Admitting guilt is not something people usually like to do, especially when it comes to professionals who work in the healthcare industry, as their mistakes generally have drastic consequences.
But while it may be difficult at times to come to terms with past mistakes, whether minor or serious, it is encouraged in the medical industry to admit any and all errors, according to BWH.
Brigham Women’s Hospital started a blog last June sharing all of the mistakes they have made and what they have learned from their experiences.
The hospital has become dedicated to absolute transparency as they reveal the stories from start to finish illustrating the issues in depth. More importantly, Brigham Women’s Hospital explains how they are making improvements to prevent the mistakes from happening again.
These cases are non-punitive reviews that do not point blame at any one person. The hospital sees the mistakes as opportunities to manage risk rather than scenarios that should result in employment termination.
While the reviews may be difficult for the individuals who are technically at fault, the Brigham Women’s Hospital employees understand the value that surfaces when they speak about their adverse experiences.
Whether they find patient care errors (even if they were not involved), nearly make a mistake but catch it, or see a potentially hazardous condition, BWH employees implement their five step process when adverse events arise:
1. Show Identification: Please be sure your care team checks your patient ID, name and date of birth before any test or treatment. Speak up and ask a question if staff do not introduce themselves, wear a name badge or explain how they will be part of your care.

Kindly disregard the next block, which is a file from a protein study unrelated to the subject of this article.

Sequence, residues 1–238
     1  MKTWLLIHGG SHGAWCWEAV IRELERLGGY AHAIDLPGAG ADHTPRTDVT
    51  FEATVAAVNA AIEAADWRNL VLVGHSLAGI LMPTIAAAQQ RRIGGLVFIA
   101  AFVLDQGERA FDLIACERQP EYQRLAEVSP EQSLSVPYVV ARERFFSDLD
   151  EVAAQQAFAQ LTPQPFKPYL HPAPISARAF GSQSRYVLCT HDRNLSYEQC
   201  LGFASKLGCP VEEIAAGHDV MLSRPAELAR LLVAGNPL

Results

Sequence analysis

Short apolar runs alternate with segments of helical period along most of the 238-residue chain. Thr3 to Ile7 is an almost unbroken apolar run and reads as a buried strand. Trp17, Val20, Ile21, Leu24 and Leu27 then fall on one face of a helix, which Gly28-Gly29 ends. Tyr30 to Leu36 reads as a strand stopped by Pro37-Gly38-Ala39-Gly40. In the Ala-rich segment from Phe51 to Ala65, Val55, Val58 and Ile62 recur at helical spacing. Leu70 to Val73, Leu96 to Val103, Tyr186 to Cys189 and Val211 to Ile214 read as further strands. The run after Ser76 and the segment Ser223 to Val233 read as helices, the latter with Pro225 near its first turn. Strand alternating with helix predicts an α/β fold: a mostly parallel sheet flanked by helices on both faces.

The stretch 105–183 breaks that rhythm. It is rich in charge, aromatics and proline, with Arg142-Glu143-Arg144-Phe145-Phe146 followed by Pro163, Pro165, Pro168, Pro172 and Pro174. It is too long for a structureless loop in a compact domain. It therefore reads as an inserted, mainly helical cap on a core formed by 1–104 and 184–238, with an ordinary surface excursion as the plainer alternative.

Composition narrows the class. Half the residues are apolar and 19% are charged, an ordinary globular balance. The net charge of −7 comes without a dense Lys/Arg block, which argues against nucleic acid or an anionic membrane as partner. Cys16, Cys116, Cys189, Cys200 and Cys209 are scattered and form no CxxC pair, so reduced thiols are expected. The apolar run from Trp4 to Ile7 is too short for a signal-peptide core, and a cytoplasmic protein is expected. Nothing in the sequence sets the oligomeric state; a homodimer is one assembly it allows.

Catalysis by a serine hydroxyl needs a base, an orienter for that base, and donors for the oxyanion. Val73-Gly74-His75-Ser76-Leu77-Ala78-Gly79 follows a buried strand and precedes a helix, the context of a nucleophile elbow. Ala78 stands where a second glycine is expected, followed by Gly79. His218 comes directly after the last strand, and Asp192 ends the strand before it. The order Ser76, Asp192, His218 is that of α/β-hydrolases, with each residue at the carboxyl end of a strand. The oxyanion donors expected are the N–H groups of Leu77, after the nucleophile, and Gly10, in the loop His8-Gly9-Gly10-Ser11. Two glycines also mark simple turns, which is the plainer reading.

2. Ask Questions: Confirm that you and your care team agree on any procedure, surgery and plan of care. Ask about your test results, especially if you haven’t received them in the timeframe your care provider told you. Don’t assume that no news means good news. Ask questions about anything you don’t understand.
3. Update Medicine Lists: Carry a list of all medicines you take, including prescriptions, over-the-counter drugs, vitamins, herbs and supplements. Speak up if a medicine looks unfamiliar or if you have questions.
4. Prevent Infections: Please get the vaccines you need. All staff and visitors should clean their hands often to prevent spreading germs. Speak up if you observe someone not cleaning their hands. Wear a mask if you are sick to protect those around you from getting sick.
5. Report Safety Concerns: Tell us if something makes you worry or feel unsafe. Speak up if you see something that could make you fall so we can clean the area. Use your call light if you need any help.